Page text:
• Run an Instagram Photo Challenge and ask people to share their “shelves” – photos from their bookshelves at home

Once you have a following, introduce your work as a writer. Ask people to follow you on Patreon, share your latest article or blog post, and so on. Let your group do the work of spreading the word.

Reach young audiences on Snapchat

If you are writing for young adults or a middle class audience, Snapchat is a platform to consider. It’s the favorite of 44% of American teenagers, making it the most popular platform in this age group – although Instagram ranks second.

One of Snapchat’s best uses for literature was Harper Collins’ film adaptation of the YA series The Dead Girls Detective Agency for Snapchat. The episodes are only five minutes long and can also be watched on YouTube.

You don’t have to create a polished professional production like this. Try a photo of your writing area or a video testimonial from a young reader.

Networking on LinkedIn

LinkedIn is a useful platform for business writers and freelancers. The users are usually more educated and have higher incomes. The people on LinkedIn include 49% of those with an income of $ 75,000 or more and 51% of those with a college degree.

For freelancers, LinkedIn is a great way to connect with potential gigs. Start by completing your profile with what you write and what your niche topics are. Contact people you’ve written for before and ask for testimonials.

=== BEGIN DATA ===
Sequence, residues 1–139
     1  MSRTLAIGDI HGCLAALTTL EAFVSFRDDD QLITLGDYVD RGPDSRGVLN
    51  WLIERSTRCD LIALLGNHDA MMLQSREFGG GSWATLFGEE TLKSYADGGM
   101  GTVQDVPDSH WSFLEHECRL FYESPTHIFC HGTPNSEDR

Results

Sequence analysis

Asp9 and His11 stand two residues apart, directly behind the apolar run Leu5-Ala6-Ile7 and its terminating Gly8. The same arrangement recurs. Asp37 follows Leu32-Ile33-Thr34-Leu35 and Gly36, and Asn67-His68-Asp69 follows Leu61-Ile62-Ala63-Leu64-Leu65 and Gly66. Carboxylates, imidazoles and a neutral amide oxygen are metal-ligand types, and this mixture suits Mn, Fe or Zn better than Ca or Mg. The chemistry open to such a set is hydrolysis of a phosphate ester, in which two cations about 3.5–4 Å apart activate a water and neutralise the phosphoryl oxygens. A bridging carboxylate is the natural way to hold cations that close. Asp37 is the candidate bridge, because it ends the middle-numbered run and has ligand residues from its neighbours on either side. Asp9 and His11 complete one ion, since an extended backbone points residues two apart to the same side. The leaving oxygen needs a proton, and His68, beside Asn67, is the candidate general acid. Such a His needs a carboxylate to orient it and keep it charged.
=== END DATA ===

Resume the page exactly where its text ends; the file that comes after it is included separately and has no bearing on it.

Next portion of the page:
There are also countless job advertisements on LinkedIn. These ads are great resources even if you’re not looking for a full-time job. Companies that need full-time writers usually need someone to fill in the blanks.

Authors of all kinds can benefit from membership in LinkedIn groups. Some, like Writers & Authors, are more in favor of craft development and criticism. Others, like The Freelance Writers’ Connection, can help you network. There are hundreds of groups for writers of all levels and types.

What happens after working on social media for writers?

By now you’ve looked at how you can use Facebook, Instagram, Snapchat, and LinkedIn to connect with the audience.

For more inspiration and ideas on how to combine it with other elements of your online marketing, see the Constant Contact download. It’s a comprehensive guide to digital marketing for independent writers and writers – and includes social media, as well as strategies for websites, blogs, and Amazon.

Remember, success on social media is about knowing your audience, and as a writer, you already understand that.